3. Christian Principles - I'm not calling on all to call on Jesus here, but some things are ALWAYS wrong. Torture, whether done in secret or on the Capital Mall, is one of them. I know what your'e thinking: "What if there's a guy who knows there's a bomb and that it's going to explode?" Fine. Torture that guy if you have to. But people we've had as prisners for years are NOT going to tell us anything new OR true. Sharing is a Christian principle, too, though one that's sadly out of favor. The Dems are going to be more likely to share through law the nation's assets in such a way as to make the nation a more fair place. Bigshots have plenty of representation, and always will. They'll be fine no matter WHO'S in office.
4. Thriftiness - Laugh if you like, but who created the last budget surplus? The Clinton administration, that's who. And who wants you to be impressed that the next budget is in red ink for only about a quarter trillion? That other party. Remember too, that the official deficit includes not a penny of Iraq expense, which comes under the heading of "special appropriations". Spending bill vetoes under Bush? Still ZERO.
5. Small Government - No, we don't have one, and there are next to no plans in place to MAKE one. But think how much BIGGER a government would have to be in order to prevent flag burnings (an item the Congress had time to discuss at length this year), or save the unborn by recriminalizing abortions, a proposal the GOP has been promoting, but not quite to completion for about 30 years. Now THAT'S big government. Just ask them in Romania, where they tried to ban ALL forms of birth control.
6. Personal Responsibility and Accountability - We shouldn't have to remind ourselves that in the real world, when people foul up consistently, they get fired. That never seems to happen in the Bush administration, where loyalty is valued above all, and screwups get promoted. We lack the muscle to fire Bush and Cheney. The closest we can come is to fire some of the ones who we elected to stand up and speak out against what was being done in our name. About 1000 indictments were sent from Congress to the Clinton White House, but NOT ONE has gone up against any of the neocons running the current mess. That's wrong, but it can't be corrected unless Democrats at least have the power to call hearings to see just what went wrong and why.
Those are the reasons I see to vote Democratic this year. Any of those reasons surprise you? I hope they did, but I stand by them. Two weeks to E-Day and counting.

Tuesday, October 17, 2006


Hey, let's be honest. Republicans have come up winners in most of the national elections of the last generation. Whole books were and are still being written to tell us why, but one term that keeps recurring is "October Surprise", referring to a last-minute occurance that causes a few votes to shift rightward and "save" things for the GOP.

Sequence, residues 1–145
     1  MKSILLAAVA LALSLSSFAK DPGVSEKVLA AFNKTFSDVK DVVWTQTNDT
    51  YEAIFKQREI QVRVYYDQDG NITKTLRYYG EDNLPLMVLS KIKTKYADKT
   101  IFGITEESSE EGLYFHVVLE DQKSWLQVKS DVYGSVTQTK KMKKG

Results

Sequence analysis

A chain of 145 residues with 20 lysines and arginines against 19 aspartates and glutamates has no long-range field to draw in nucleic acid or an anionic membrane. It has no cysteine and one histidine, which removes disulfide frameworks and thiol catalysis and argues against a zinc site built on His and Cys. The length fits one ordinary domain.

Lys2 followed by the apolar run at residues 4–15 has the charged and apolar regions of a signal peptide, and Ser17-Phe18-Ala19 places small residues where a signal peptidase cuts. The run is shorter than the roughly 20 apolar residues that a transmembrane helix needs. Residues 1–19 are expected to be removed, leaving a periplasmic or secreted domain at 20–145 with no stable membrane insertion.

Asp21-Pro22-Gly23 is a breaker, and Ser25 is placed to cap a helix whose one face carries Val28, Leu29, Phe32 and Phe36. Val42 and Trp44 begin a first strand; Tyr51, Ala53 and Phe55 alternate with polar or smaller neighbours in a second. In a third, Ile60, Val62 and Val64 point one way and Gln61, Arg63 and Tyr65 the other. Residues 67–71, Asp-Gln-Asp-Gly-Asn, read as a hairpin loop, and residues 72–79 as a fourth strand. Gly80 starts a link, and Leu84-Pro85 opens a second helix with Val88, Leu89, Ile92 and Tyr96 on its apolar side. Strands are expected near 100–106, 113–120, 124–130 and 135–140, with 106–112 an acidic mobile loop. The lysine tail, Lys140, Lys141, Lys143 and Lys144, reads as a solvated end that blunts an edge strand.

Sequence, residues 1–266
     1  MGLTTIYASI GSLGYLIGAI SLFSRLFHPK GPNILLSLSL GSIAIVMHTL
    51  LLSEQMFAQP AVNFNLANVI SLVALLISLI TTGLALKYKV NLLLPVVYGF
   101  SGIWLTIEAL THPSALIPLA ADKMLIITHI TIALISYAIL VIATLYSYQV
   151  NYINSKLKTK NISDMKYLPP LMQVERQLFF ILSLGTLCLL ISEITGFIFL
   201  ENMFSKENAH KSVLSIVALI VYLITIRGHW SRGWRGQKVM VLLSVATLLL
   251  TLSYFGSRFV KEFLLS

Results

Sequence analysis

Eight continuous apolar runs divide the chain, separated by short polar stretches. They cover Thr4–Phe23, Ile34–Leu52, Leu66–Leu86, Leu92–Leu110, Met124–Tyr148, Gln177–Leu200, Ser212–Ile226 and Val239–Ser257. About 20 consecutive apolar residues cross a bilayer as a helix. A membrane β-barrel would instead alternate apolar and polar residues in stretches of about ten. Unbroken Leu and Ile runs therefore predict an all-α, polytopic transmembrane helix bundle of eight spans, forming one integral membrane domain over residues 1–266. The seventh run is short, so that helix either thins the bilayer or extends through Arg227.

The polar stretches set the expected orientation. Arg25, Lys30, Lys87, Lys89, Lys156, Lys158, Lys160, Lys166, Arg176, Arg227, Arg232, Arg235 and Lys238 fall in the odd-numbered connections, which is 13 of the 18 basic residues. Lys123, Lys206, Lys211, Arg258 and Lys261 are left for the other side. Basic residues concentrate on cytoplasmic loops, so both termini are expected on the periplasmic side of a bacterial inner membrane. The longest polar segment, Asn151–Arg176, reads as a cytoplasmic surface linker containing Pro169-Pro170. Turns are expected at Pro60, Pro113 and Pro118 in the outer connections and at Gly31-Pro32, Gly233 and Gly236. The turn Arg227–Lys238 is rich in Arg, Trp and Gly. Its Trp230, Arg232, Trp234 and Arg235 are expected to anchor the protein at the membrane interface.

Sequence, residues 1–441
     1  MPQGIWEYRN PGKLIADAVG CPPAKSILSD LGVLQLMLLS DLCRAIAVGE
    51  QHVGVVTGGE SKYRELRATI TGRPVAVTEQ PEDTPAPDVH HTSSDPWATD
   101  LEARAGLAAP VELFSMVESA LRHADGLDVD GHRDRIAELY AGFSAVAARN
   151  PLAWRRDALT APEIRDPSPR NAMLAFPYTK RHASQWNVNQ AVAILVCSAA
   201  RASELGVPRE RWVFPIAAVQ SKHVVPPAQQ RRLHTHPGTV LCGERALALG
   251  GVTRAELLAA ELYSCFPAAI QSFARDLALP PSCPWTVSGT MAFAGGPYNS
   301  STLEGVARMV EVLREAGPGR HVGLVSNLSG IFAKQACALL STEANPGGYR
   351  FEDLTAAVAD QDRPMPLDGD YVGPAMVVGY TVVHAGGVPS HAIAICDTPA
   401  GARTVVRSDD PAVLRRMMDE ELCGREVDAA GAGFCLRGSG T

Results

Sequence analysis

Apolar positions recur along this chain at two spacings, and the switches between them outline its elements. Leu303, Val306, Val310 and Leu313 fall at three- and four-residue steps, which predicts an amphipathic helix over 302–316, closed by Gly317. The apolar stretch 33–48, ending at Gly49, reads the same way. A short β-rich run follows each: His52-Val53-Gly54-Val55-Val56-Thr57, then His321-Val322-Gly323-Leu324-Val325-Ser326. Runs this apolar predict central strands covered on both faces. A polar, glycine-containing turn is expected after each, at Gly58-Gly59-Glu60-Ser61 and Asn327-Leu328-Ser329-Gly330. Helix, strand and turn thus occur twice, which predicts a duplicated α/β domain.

The first such "surprise", never proven, involved the election of 1980. The nation, under President Carter, was very near an agreement with Iran to gain the release of US embassy hostages, an issue which had hung over the Carter administration like a circling vulture for over a year. Still, Election Day came and went with no deal consummated until the very hour Ronald Reagan took office, at which the hostages left the Tehran airport headed to US facilities in Germany. Democrats have spent many hours in the years since scratching their heads to know the details of a possible deal between candidate Reagan and the Iranians.
The phenomenon continued at various other times, which I'm not going to list because I was accused of making last week's entry too long. Anyway, today's Democrats suffer from some well-earned paranoia just at the mention of the term October Surprise".
I've looked over the possibilities and conclude that if one or more of the following were to happen just prior to the election, that Democrats will once again claim to have been snookered. In other words, if any of these should occur in the next couple of weeks, you heard it here first. Otherwise all Republicans have to shout about is how terrible it would be if any of the people they've tried to demonize during the last few years actually TAKE OFFICE in a Democratic majority situation. The list:
Osama bin Laden is captured.
A new bin Laden tape, full of vicious threats, shows up at the door of Islamic media bigshot Al Jazeera.
A horrible bombing takes place in a city somewhere populated mainly by white people.
The Pope declares that all American Catholics need to vote to oppose the "criminal" practice of abortion.
The price of gas drops by another 50 cents per gallon.
A new book is published insisting that Saddam's WMD's are hidden in Syria.
Al Queda terror cell members are arrested in Florida and shout "Death to America" to the camera.